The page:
Many group health plans define dependent coverage eligibility in terms of the tax dependency requirements under Internal Revenue Code Section 152, e.g., by imposing financial dependency and residency requirements, income limitations, and full-time student status for older children. These types of restrictions are no longer permitted with respect to children under age 26 who are included within this coverage mandate. However, if a group health plan covers adult children age 26 or older, or children outside the scope of the coverage mandate (e.g., grandchildren or domestic partner children), the plan may continue to restrict the eligibility of these individuals based on residency, support or other factors, if permitted by state law. To the extent that state law mandates coverage for dependents more broadly than the federal law, the state law will continue to apply.

The Interim Final Rule also provides that a group health plan that offers dependent child coverage cannot vary the terms of that coverage – including the cost of that coverage – based on the age of the child who has not attained age 26. For example, a plan cannot charge higher premiums to dependent children who are older than 21, or offer such children more limited coverage. However, a plan could increase premiums for coverage of additional dependents regardless of age without violating the Interim Final Rule (e.g., self-only, self-plus-one, self-plus-two, self-plus-three-or-more).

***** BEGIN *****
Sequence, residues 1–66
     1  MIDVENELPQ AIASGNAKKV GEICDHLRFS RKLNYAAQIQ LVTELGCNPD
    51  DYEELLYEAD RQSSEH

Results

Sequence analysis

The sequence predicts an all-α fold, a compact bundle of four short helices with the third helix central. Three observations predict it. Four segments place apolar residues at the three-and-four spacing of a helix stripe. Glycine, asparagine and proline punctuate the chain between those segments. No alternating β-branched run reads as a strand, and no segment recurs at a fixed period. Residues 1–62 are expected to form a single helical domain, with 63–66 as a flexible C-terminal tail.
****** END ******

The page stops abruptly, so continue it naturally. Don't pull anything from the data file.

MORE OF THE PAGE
Group health plans offering dependent child coverage must provide an opportunity for employees to enroll their adult children who are currently ineligible for coverage due to their age, but who will become eligible when the PPACA mandate becomes effective, and who previously lost coverage, were denied coverage, or were never eligible for coverage under the plan due to their age. Just as with the special enrollment opportunity described above with respect to individuals who previously met a plan's lifetime limit, the opportunity to enroll must be made available for at least 30 days, and the institution must both offer and give notice of the enrollment opportunity to employees no later than the first day of the first plan year beginning on or after September 23, 2010. This will likely coincide with the open enrollment periods for many plans. Note, however, that if a plan's open enrollment period is less than 30 days (as many are), the opportunity for adult children who previously lost or were denied coverage because of their age must still remain open for at least 30 days. The Departments have issued a model notice that plan sponsors can use to comply with this rule [20]. The adult child enrolled under this special enrollment opportunity must be offered all benefit packages available to similarly situated individuals and at the same cost, effective as of the first day that the Act's coverage mandate becomes effective for the plan. If an employee has the opportunity to enroll an adult child during under this opportunity, the plan must also permit the employee to enroll if not already enrolled, or if already enrolled, to switch to a different benefit package. A plan is not required to enroll an adult child unless the employee also enrolls in the plan.